Like his counterparts around the world, a Mexican manager has a calendar full of meetings. Of course, the point of these meetings is to discuss and promote projects, to share information or make decisions. However, these are not the sole purposes of a meeting in Mexico. Relationships matter Building relationships and trust, cultivating contacts and […]
For Mexicans, politeness and the manners involved are extremely important, as it is also crucial for a first impression in Western European countries. However, to a Western European, Mexican manners may appear to sometimes border on subservience; however, do not make the mistake of thinking that your new business associates are subordinate to you. Mexicans are very status-oriented and pay close attention to whether they are treated according to their status.
You also make a good impression when you often express gratitude and offer praise and compliments. You’ll have no trouble finding occasions to do so: they may have picked you up from the airport, organized everything well for you, treated you to tasty Mexican food, or shown you their beautiful country.
Expressive and emotional
The Mexican style of communication is expressive and emotional and it’s perfectly acceptable to give free rein to positive emotions in a business setting. You may interrupt in a conversation without giving offence, speak at the same time or touch the other on the wrist, upper arm or pat on his back. Silence is unpleasant for Mexicans. Visitors may perceive this kind of communication as (too) lively and loud. Gestures and facial expressions enrich the expression of their opinions, though it may seem exaggerated to foreigners.
Compared to a person that communicates so vividly, Western European restraint can seem boring and monotonous. Although it may seem polite to wait for a break in the conversation before speaking, you may be waiting for a long time. You’ll need to assert yourself and speak up or you will spend a lot of time being silent. Too much silence at a meeting or at dinner will come across as arrogance, disinterest, or incompetence. So jump in!
You’ll never hear a direct no
Despite their expressive nature, Mexicans can maintain an extremely indirect communication style out of respect and in the spirit of relationship building. It is very rare for them to say no or express criticism or rejection. Rather, Mexicans are more likely to respond with an explanation if they mean no, for example, say: “Lo que pasa es que …” or just “Es que …” followed by an explanation.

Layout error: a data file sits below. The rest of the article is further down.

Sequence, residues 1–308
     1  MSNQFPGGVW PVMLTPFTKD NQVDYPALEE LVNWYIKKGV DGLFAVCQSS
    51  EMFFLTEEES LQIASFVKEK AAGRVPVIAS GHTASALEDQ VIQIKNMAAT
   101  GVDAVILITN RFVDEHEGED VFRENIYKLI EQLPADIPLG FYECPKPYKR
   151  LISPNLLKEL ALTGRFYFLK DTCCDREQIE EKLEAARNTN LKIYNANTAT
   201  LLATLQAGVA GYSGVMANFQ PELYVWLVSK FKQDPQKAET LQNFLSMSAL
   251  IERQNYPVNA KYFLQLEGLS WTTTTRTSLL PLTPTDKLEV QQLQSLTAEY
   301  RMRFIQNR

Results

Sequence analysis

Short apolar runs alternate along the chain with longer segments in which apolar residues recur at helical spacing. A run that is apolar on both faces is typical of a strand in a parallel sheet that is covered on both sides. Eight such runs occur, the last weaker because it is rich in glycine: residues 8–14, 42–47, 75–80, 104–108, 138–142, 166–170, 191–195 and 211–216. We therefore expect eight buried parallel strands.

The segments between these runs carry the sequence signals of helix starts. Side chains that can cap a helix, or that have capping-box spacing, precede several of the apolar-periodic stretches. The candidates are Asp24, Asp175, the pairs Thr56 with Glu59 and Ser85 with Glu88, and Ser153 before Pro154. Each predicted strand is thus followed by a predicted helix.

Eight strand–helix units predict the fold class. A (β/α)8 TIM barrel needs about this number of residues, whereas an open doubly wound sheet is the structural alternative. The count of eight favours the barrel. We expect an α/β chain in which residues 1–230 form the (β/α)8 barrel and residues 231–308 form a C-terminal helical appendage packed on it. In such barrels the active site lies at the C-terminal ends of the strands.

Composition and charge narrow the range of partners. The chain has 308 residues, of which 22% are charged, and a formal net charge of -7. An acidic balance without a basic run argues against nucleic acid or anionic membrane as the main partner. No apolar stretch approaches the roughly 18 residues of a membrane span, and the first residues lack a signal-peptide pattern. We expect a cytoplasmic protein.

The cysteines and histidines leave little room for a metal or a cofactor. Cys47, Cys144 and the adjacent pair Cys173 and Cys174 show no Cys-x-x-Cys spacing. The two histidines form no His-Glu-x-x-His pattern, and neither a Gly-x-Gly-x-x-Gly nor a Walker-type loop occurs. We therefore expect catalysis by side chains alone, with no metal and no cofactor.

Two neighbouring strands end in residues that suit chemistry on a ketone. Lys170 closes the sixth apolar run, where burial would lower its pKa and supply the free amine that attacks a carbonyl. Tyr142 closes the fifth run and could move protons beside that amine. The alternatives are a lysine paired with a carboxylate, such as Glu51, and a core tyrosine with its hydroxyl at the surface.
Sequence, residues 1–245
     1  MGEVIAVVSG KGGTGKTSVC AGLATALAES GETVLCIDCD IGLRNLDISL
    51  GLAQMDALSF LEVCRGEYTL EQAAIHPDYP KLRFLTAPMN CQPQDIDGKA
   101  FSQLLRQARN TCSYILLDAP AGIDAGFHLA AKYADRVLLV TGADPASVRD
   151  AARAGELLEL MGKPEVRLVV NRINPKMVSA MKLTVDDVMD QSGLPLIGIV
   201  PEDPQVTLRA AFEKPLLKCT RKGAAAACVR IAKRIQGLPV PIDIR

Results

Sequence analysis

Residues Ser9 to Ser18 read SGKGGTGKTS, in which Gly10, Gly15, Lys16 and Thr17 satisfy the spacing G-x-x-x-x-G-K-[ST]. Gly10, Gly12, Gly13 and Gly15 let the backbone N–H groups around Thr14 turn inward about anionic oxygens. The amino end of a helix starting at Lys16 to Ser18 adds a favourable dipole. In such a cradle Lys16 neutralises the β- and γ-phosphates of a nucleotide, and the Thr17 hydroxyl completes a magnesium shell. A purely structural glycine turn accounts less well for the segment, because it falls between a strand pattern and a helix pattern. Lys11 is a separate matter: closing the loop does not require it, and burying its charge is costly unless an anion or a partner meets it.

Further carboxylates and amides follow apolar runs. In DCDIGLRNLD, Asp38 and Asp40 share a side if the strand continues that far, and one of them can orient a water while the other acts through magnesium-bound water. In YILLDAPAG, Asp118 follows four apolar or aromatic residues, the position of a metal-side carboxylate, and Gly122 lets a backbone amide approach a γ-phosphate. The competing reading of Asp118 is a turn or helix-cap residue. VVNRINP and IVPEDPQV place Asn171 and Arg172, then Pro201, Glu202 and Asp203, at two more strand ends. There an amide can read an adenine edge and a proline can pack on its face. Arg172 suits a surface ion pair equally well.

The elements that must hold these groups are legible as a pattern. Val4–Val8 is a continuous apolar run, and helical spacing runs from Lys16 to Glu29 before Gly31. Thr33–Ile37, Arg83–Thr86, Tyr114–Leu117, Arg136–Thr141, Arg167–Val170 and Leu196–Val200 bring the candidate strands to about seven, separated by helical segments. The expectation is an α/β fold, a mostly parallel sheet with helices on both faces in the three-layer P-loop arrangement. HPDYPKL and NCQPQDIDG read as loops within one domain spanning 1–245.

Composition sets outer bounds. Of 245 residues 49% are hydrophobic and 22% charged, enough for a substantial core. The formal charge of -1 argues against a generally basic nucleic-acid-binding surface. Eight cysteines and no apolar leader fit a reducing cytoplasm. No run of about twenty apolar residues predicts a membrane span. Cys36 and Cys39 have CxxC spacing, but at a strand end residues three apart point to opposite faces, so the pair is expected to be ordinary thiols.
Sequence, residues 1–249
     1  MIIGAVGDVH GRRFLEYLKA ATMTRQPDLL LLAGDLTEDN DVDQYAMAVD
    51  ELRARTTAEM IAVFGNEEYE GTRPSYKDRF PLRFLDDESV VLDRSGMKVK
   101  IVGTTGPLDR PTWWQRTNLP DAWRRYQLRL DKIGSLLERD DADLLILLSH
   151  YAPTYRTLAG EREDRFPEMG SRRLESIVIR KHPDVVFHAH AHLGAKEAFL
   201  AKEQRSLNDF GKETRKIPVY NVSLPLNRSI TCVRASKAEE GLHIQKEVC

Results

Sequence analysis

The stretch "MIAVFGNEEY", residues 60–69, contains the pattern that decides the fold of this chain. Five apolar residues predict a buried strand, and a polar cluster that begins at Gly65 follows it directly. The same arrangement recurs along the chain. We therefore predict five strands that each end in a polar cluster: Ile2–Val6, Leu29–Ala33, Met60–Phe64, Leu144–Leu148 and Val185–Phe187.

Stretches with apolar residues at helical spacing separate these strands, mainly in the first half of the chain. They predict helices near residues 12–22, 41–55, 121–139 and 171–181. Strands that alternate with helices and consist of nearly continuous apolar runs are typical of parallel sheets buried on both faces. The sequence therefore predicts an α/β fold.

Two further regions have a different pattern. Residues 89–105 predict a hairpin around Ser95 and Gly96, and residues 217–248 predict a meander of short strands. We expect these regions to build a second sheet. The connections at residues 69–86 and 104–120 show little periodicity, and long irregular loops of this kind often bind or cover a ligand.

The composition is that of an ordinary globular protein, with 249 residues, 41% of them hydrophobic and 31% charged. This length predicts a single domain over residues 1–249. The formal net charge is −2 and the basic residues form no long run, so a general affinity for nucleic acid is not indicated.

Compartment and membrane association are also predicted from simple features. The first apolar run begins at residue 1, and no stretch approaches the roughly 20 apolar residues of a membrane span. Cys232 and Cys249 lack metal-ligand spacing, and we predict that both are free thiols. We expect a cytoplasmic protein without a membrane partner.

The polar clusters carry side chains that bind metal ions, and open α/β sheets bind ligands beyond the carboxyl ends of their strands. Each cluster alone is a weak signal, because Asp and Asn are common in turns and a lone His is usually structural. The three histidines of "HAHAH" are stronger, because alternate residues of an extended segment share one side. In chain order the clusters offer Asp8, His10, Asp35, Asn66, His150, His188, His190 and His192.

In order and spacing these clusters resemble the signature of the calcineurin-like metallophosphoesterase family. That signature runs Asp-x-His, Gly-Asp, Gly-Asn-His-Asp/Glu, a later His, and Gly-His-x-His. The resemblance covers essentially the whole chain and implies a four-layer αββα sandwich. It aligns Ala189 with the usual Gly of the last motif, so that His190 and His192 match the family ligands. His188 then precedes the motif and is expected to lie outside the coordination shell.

You may feel an urge to try to pin down Mexicans for a yes or a no, but be careful because your Mexican partner may find this embarrassing. He would lose face, which will in turn jeopardize mutual trust!
Differentiating between consent and rejection
Mexicans use many conjunctives and filler words, such as ‘maybe’ out of courtesy – not out of uncertainty! It may seem to you that they are beating around the bush, which can contribute to potential misunderstandings.
What do you think when you hear, ‘This is not that easy’ or ‘I’ll take a look at it again’? You might think you hear a conditional approval rather than a rejection. Your Mexican partner may have indeed expressed a rejection, but in a way that is polite and not directly negative or confrontational. When assessing a Mexican statement, you should always consider context.
Tomorrow – or even later
A typical misunderstanding is the proverbial ‘mañana’, literally translated as ‘tomorrow’. If someone promises to complete a task soon, but at the same time you know that the person still has a long meeting ahead and then wants to leave for home right away for a birthday party, you can assume that the task will probably be done a bit later rather than not at all. ‘Mañana’ has many meanings for Mexicans.
Of course, they could actually mean “tomorrow”. However, depending on the context, the meaning can also be “soon,” “in the near future,” “not now,” or sometimes even “not at all.”
Only imply criticism and be sure to soften it
Directly criticizing a business partner, colleague or employee, especially in front of a group, is taboo. It does not matter whether the criticism is justified or how clearly it is communicated.
Of course, criticism has a place in Mexico, but you should always be mindful of hierarchies. A supervisor may criticize his coworker, but a colleague does not criticize his peers, and an employee especially does not criticize his boss.
In Mexico, it is usually enough to express hints, and expect that they will be understood. It is also important to include positive comments to make it clear that you value the other person and find his work competent.